titers and neutralizing antibodies from symptomatic, paucisymptomatic, and
asymptomatic pregnant and nonpregnant patients. Remarkably, the authors also
observed that anti-gB IgGs were the rst-produced antibodies after a primary
infection, followed by neutralizing antibodies and lastly by gH/gL/pUL128/130/131
and gH/gL IgG antibodies.

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EPITOPE-SPECIFIC IgG IMMUNOBLOTS TO ASSESS PRIMARY VERSUS


NONPRIMARY INFECTIONS
Epitope-specic IgG immunoblotting was investigated by Eggers et al. (15) to
explore the potentially different patterns in primary versus nonprimary infections. The
authors compared an in-house-developed anti-gB/gH epitope immunoblot assay to a
standard microneutralization method. The authors showed that the CMV neutralizing
and anti-gB/gH antibodies appeared 10 to 17 weeks after an infection, suggesting that
gB/gH-specic immunoblotting may represent a useful bioassay to distinguish primary
from nonprimary infections. This in-house-built Western blot presented a 93.6% sen-
sitivity and 100% specicity for nonprimary infections. Moreover, Eggers et al. reported
that a delayed anti-gB IgG appearance in primary infections was associated with a lower
risk of intrauterine CMV transmission. Enders and colleagues (16) corroborated the
immunoblot assay performances, suggesting its validity in determining the timing of
CMV infection. Despite the diagnostic usefulness shown in these two reports, epitope-
specic immunoblot assays are not commonly employed for CMV serologic diagnosis,
since the assay is not standardized, is time-consuming, and requires complex data
interpretation.
Nonprimary infections: reinfection or reactivation? Boppana and colleagues
hypothesized that reinfections with a different CMV strain may lead to a higher risk of
cCMV compared with that from viral reactivations (17). In this scenario, the serologic
evaluation of the anti-gB/gH IgG polymorphic regions response was proposed as a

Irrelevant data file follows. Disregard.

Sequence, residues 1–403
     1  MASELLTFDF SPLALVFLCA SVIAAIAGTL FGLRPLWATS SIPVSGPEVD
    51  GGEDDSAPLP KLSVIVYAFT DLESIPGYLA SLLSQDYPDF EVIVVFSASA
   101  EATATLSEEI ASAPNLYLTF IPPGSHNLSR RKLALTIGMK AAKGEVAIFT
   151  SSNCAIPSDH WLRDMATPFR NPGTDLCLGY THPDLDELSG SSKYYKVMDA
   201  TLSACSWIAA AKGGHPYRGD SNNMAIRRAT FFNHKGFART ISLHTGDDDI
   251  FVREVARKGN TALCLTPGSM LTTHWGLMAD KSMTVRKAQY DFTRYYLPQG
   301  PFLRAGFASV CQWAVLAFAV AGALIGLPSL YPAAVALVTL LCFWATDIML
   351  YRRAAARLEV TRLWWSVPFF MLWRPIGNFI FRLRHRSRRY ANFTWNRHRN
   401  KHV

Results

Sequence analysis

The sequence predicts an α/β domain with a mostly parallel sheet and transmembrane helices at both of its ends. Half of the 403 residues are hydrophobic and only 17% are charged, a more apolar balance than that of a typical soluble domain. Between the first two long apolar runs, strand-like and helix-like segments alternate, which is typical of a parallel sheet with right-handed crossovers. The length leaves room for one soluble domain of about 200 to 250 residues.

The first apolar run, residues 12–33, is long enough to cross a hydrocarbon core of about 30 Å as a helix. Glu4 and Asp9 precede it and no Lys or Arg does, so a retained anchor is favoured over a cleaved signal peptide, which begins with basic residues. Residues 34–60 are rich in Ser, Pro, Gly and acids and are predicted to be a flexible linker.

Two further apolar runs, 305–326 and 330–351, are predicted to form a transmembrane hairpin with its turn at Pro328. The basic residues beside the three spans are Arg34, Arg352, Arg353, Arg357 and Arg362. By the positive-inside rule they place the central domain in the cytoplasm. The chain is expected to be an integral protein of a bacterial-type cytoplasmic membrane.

potential system to distinguish whether the maternal infection arose from different
CMV strains or from CMV reactivation (18). In that study, the authors showed that 18/96
serum samples tested, which were obtained from CMV-seropositive women, had
positive results for at least 2 CMV antigenic epitopes, suggesting that serologic analysis
may distinguish CMV reactivation from coinfection and reinfection. One important
caveat of this system is the requirement for a prior patient serology specimen to use as
a reference. The evaluation of the serologic response to polymorphic CMV epitopes
would have promising applications in the assessment of cCMV risk, particularly in the
populations characterized by a high CMV seroprevalence, where recurrent infections
are more likely to occur.

DETECTION OF CMV IN BIOLOGICAL FLUIDS


Molecular methods comprise the most common and standardized systems for
detecting CMV nucleic acids to diagnose active CMV replication. Alternatively, direct
viral isolation in cell culture provides the biological evidence for actively replicating
virus.
Biological specimens required for CMV diagnosis. CMV can be isolated from
several biological samples, including blood, urine, saliva, semen, vaginal secretions, and
amniotic uid. After collecting, the samples should be stored at 4C and immediately
sent to the laboratory for testing, especially when requesting CMV isolation from cell
culture. Even though CMV is excreted in multiple biological uids, blood and urine are
the most commonly used specimens for testing. CMV shedding in urine is known to
persist intermittently for a long time after a primary infection; thus, urine testing
increases the chances of detecting an ongoing infection. The detection of virus in blood
is mostly found in primary-infected pregnant women (19). Viremia usually persists for